"Die klangschönen und teilweise umfangreichen Arrangements von Ohad Stolarz sind sehr abwechslungsreich, sowohl formal als auch klanglich und harmonisch. Bedingt durch orientalische Modi ergibt sich hie und da eine etwas herbe beziehungsweise archaische Harmonik, andere Chorsätze zeigen Jazzklänge oder sind eher der romanischten Tonsprache verbunden. (...) Spannend und Informativ auch die Erläuterungen zu den Stücken. (...) Insgesamt sind beide Bände sorgfältig gestaltet und empfehlenswert für Chöre, die sich für anspruchsvolle und klangschöne Chorstücke des hebräischen Repertoires interessieren."


Duration: ca. 60 minutes

To purchase, click here.


A Place Beyond Words (2022)

A Suite in Three Movements for Wind Orchestra

(Co-composition with Dave Schlossberg)

This new version of our joint work from 2019 came about as a result of a cooperation with the Saxon Wind Philharmonic and the Hanns Eisler Academy of Music. It was premiered on June 19th, 2022 in Berlin, conducted by Ohad Stolarz.

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Sechs Lieder in den Ferien zu Singen (2021)

Six Partsongs to Poems by Marina Garanin

Instrumentation: Unaccompanied mixed choir SATB

Language: German

These humorous choral partsongs are inspired by the music of Felix Mendelssohn-Bartholdy, though not attempting an exact replication of his style.


Duration: ca. 14 minutes

To purchase Marina Garanin's book, "Der Knopf"

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I Got Plenty of Rhythm (2021)

Instrumentation: Big Band

Some colorful, old-timey Swing! 


Duration: ca. 4 minutes

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Kiryà Yefefiyà (2021)

After two Piyutim by Zechariah al-Dhahiri and Judah Halevi

Music: Maureen Nehedar

Arrangement: Ohad Stolarz

Instrumentation: Unaccompanied mixed choir SATB

Language: Hebrew

Awarded the 32nd Valentin Becker Prize by the Fränkischer Sängerbund in the arrangement category.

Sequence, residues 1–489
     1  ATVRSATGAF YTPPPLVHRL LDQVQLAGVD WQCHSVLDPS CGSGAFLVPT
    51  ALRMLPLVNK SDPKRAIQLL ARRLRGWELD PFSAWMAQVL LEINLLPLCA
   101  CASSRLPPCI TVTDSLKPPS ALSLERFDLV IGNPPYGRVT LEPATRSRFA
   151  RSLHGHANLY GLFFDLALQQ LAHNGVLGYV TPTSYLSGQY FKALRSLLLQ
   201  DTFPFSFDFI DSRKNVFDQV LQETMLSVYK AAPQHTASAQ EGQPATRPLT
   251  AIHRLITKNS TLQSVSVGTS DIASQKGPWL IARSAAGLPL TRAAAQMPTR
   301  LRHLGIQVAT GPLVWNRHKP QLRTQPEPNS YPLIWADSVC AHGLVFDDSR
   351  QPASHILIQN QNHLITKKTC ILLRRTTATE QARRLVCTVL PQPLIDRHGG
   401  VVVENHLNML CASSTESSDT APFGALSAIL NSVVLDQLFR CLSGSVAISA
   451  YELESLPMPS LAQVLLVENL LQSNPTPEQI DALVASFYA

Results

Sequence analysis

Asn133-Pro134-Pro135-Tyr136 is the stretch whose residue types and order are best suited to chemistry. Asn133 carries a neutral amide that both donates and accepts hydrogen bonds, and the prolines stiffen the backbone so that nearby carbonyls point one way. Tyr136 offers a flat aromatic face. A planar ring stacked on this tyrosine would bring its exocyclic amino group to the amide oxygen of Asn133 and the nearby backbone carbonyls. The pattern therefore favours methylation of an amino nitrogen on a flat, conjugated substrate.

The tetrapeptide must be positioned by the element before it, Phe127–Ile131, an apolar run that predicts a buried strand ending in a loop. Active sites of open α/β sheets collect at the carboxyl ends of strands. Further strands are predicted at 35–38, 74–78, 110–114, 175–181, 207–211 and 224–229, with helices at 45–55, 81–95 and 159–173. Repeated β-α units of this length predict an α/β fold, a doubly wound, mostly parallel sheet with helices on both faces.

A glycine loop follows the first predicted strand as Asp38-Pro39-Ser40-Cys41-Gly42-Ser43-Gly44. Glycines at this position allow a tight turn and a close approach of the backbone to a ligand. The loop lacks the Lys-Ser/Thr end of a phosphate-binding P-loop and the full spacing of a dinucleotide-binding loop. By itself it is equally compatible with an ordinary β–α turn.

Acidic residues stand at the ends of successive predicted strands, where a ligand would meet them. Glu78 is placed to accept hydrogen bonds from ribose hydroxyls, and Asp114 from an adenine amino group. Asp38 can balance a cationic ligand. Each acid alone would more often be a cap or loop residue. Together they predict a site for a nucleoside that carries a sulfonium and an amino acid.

Duration: 3 minutes​

To view the announcement, click here.

To listen to Maureen Nehdar's original song, click here.


Ave verum corpus (2020)

Instrumentation: Unaccompanied mixed choir SATB

Language: Latin

Granted 4th place in the International Ave Verum Composition Competition in Baden, Austria.


Duration: 3 minutes​

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A Place Beyond Words (2019)

A Suite in Three Movements for Symphony Orchestra

(Co-composition with Dave Schlossberg)

Instrumentation: 2(picc),2(eh),2(bc),2-4,3,3,0-timp+1-hp-str

To download Midi-file click here.

The three movements of this work are based on original melodies by: 1. Rabbi Moshe Rothblum; 2. Anonymous; 3. Rabbi Shlomo Carlebach z”l, respectively. These melodies are sung to the following traditional Hebrew and Aramaic texts: 1. Exodus 31:16-17 (”V’shamru B’nei Yisrael”); 2. Zohar 2:206a:8 (”Beh Ana Rachitz”); 3. Psalm 29 (”Mizmor l’David”).


The creation of this work began with the album ”A Place Beyond Words” by Dave Schlossberg, released in 2017, featuring improvisations for piano on ten Jewish melodies. Two years later, selections from this album were arranged for orchestra by Ohad Stolarz, in collaboration with Dave Schlossberg, with additional material introduced for the purpose of the current version. This is the two creators’ first collaboration.


Duration: ca. 15 minutes

To Dave Schlossberg's website


Sephardic Folk Songs: Eight Settings for Mixed Choir (2019)

Breitkopf & Härtel

Instrumentation: Unaccompanied mixed choir SATB

Language: Judeo-Spanish (Ladino)

1. Una pastora yo amí

2. Tres hermanicas eran

3. Morenica a mi me llaman

4. Durme, durme

5. Yo m’enamorí d’un aire

6. Árvoles lloran por luvias

7. La vida do por el raquí 

8. Cuando el rey Nimrod